What to wear? What to wear?

Mom always said to wear clean underwear in case you were ever in a car accident. To this day, that wisdom stays with me. Underwear aside, there are other important considerations to take when dressing for landscape photography.

I’ve written about this before but I think it bears repeating. When shooting outdoors, dress to stay dry and warm.

You can’t see the frost in this photo but the grasses and leaves behind me were covered in it. It was -3 Celsius. Not cold by Alberta standards but cool enough that if you’re not dressed for it, you don’t want to be out for too long.

For the next hour and a half while I was shooting, if I hadn’t been prepared, I would have been in the Rav with the heater blowing trying to warm up and missing the best light of the day.

I usually shoot close to the ground which means I am often lying down.  I was crouched on some wet rocks a couple of meters from shore for this photo. The waterproof outer pants I was wearing not only kept me dry when kneeling but warm. Getting wet means getting cold.

Under the waterproof pants wear anything but jeans. Denim looks nice in photos but they wick up the slightest bit of moisture and before you know it, your jeans are wet up to your knees.

It isn’t winter yet but it was cool enough to be wearing a pair of light gloves. They were just heavy enough to keep the chill from my hands. These are also used as mitten liners in the winter when it gets godawful cold.

Half an hour later I found myself running along a creek, splashing through the shallow water to get to my next shooting spot. Sneakers or any kind of fabric shoes would have been soaked. A pair of waterproof, good quality hiking boots not only keep you dry but support your ankles on the slippery boulders.

A warm hoody with large pockets is next and if it’s windy or raining I usually wear a light waterproof and windproof shell.

That about does it for clothing. There is one more important tip I have for you.

I use a remote shutter release and have lost many over the past few years. You know the kind. They are about a half a meter long and plug into the side of your camera body. They always seemed to get caught in a twig or tall grass and before I knew it, I’d be searching for the lost release instead of taking pics.

I now use a piece of thick copper wire and loosely tie the release to my camera strap. If the release ever pulls out, which it has, it remains attached to the strap.

Happy shooting,

Dan

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~ by Dan Jurak on September 27, 2010.

9 Responses to “What to wear? What to wear?”

  1. Excellent advice Dan and stunning image, so beautifully composed. The light on the peaks is just suberb – such perfect timing.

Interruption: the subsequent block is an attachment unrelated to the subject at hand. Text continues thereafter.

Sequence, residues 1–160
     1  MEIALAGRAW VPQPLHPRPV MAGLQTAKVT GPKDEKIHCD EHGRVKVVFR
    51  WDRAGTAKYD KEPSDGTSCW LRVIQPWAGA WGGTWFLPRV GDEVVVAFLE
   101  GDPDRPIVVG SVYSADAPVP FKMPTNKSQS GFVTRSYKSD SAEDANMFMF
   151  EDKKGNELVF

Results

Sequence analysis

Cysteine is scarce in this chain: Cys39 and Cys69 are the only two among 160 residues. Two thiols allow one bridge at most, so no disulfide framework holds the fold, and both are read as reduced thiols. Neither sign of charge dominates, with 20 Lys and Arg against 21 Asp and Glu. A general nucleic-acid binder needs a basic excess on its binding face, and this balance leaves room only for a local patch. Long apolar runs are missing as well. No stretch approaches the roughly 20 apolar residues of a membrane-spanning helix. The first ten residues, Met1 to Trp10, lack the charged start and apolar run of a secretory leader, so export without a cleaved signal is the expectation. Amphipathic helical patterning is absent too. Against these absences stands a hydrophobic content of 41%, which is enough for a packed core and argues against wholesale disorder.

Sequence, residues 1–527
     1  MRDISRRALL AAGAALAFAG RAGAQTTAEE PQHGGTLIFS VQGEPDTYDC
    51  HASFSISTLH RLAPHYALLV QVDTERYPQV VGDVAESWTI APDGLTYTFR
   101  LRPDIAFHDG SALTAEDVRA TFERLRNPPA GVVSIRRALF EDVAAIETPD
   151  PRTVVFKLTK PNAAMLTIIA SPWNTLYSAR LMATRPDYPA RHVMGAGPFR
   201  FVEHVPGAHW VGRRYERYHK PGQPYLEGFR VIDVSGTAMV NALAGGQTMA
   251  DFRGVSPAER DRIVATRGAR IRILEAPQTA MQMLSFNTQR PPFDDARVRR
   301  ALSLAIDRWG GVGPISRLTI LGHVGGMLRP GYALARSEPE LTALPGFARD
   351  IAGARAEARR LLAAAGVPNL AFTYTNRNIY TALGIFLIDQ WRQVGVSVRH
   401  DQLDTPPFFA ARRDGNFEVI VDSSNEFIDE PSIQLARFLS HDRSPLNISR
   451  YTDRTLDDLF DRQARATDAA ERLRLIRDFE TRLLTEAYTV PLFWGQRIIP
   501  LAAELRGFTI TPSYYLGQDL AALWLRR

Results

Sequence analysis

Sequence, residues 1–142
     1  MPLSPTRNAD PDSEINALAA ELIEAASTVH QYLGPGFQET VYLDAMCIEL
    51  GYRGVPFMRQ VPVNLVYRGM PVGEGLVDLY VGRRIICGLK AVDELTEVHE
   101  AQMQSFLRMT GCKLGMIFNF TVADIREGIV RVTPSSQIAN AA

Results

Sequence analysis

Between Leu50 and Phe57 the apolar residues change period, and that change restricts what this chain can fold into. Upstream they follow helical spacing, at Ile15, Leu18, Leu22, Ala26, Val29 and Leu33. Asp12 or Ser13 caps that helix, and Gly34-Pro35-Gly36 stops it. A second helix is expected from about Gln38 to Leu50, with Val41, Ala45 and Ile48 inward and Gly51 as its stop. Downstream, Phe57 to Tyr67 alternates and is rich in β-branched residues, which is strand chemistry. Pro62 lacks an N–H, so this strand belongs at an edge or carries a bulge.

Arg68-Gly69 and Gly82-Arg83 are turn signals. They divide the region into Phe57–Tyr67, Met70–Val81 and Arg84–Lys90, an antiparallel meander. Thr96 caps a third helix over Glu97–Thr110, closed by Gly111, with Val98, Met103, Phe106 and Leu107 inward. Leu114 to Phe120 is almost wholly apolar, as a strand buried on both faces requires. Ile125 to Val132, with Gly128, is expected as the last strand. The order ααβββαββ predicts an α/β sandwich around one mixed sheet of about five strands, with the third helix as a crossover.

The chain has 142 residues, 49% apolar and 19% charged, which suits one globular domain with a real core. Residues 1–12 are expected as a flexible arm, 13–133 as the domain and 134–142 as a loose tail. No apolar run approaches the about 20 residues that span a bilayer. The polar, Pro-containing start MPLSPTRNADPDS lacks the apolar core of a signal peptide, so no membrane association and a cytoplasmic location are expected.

2. Nice idea about attaching the release to the strap! I too have misplaced mine in the grass!

  3. @ Cindy, it’s easy to shoot low hanging fruit, like this. LOL
    @ James, that little trick has saved me a few dollars.

  4. Beautiful shot Dan! Love it. Good tip on the release! Since I use my camera exclusively on a tripod lately I took my strap off. But I can figure out an alternative to your tip and simply use the loops where the strap went to attach your safety device :)

  5. @ Oli, I still use the camera strap even though almost everything I shoot is with a tripod. The price of the releases has come down lots on eBay but it still sucks to lose one when you’re a few hundred meters from the vehicle. Even not losing them, they still seem to last only a few months before the switch stops working. I buy them half a dozen at a time. :)

    Looking forward to your pics from K-country.

  6. Dan, Ansel Adams may have been the master of the darkroom, but you are the master of the digital darkroom. Your work is right up there, if not equal, with Galen Rowell. A fantastic image. I also like reading your tips.

    Bob

  7. @ Bob, thank you. You are too kind. If anything comes from this blog, I hope it’s that those starting out in photography realize that they don’t need the most expensive camera equipment or pay for workshops and lessons that they don’t need.

    Each of us has a unique way of seeing the world. You, Ansel Adams and Galen Rowell all see it differently. There is no right or wrong way to see. That is what makes photography special to me. The same place can be experienced differently by each of us.

    Thanks for stopping by.

    Dan

  8. Another fantastic shot, Dan. I spent a few days in Banff earlier this month.(my second visit actually).The photo opportunities in this area are limitless. Unfortunately, The weather didn’t cooperate most of the time, however, in this business, you have to take what you can get. Mother nature isn’t particular about who’s visiting.I do find, though, that shooting in misty weather can sometimes produce good results even at midday if you can get the occasional sunny break…the shadows are there and you don’t have to contend with the clear sky and brutal direct sunlight.

    I do enjoy your blog and the useful tips you provide.

    Spence

  9. @ Spence, you’re so right about the weather.

    It’s been terrible for photography the past few weeks. It’s the exact opposite of last fall where we had nothing but sunny skies and above average temperatures.

    Thank you for visiting.

    Dan

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